Jaakko Pallasvuo’s Filter (2017) is also concerned with the constructiveness of representation in visual culture. The film takes as a referent for its analysis the use of filters to give the “analog look” to film and their relationship to nostalgia examining the construction of memory. Pallasvuo documented his travels from Europe to the United States, and from New York to Syracuse though his iPad, using a vintage-looking filter. Winona Ryder in Reality Bites (Ben Stiller, 1994) and the band Filter’s music video of their single Take a Picture are integrated in the essay side by side with Pallasvuo’s experimentations in 3D. This juxtaposition of critique and visual culture investigates the influence of media culture in the understanding of temporality, questioning the very position of the viewer. The film includes an appendix where a friend of the director watches the first part of the film, analyzes it, and questions its critical function. This last section works as a self-critique that becomes a critique of a critique of postmodernism.
From the irony of constructed reality and memory to the media literacy and image learning. After the presidential election in November 2016 and the subsequent political climate in the United States, there is a renewed interest in the relationship between media and truth. A few films in Projection this year dealt with this liminal space between media literacy and media construction in relation with political economy. Anthony Svatek's .TV (2017) traces the connections between climate change and network domains, unveiling the political economy connections between both. Tuvalu is a Polynesian island nation of only ten square miles that is about to disappear under the ocean as a consequence of climate change. The leasing of the official Internet domain extension of the country, ".tv", is one of the main sources of income of the country. The film meanders between paradisiac images of the island and its blue waters, aerial views of the area, and online footage from some of the websites that lease the .tv extension, viewed on the screen of different electronic devices. Svatek envisions a future where Tuvalu disappears but where its domain is protected by the thousands of websites that use it. The images that live in the .tv domain become more important than the land and the inhabitants of Tuvalu. The virtual image in this case gains terrain over the real community of the island, becoming the ultimate trace left of the country.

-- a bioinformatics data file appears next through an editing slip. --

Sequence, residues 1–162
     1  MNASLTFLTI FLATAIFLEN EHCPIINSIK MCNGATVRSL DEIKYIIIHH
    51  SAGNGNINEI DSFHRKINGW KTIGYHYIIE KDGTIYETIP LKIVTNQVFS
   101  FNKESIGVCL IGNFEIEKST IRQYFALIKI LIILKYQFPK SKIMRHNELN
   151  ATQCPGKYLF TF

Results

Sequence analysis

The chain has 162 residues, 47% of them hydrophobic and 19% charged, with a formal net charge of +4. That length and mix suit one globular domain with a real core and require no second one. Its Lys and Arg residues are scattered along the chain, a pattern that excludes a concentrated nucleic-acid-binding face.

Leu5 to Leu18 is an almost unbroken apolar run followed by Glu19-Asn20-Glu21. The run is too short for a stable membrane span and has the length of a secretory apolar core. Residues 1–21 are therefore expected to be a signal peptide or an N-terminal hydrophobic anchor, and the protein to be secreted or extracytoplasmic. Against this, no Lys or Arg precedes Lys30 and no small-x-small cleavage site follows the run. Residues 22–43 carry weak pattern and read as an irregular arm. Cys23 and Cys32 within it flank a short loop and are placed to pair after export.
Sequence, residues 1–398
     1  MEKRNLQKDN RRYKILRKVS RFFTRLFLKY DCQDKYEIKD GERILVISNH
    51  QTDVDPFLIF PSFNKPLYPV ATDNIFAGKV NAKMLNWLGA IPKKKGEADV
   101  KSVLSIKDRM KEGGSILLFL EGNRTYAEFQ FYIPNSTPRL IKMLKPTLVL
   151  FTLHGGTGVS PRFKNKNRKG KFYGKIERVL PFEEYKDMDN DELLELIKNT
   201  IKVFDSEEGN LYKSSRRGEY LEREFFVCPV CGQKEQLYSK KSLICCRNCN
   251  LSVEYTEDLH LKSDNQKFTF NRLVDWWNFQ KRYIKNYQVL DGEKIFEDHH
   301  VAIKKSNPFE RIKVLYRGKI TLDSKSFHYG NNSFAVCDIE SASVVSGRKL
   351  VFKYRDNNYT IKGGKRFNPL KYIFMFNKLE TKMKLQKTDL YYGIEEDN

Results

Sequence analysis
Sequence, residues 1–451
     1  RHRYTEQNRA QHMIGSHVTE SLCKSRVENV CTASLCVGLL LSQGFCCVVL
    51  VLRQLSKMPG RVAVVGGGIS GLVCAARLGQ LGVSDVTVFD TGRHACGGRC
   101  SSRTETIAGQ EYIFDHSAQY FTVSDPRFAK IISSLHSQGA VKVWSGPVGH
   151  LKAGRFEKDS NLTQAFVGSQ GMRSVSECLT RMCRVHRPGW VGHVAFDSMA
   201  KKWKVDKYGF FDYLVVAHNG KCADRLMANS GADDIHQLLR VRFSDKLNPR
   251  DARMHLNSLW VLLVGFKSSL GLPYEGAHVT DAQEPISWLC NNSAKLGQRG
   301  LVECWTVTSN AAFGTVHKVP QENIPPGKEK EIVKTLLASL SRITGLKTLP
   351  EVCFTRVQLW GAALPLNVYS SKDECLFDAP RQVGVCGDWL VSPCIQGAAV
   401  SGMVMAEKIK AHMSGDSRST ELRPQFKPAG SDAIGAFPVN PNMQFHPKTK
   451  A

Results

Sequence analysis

Wasteland No. 1: Ardent, Verdant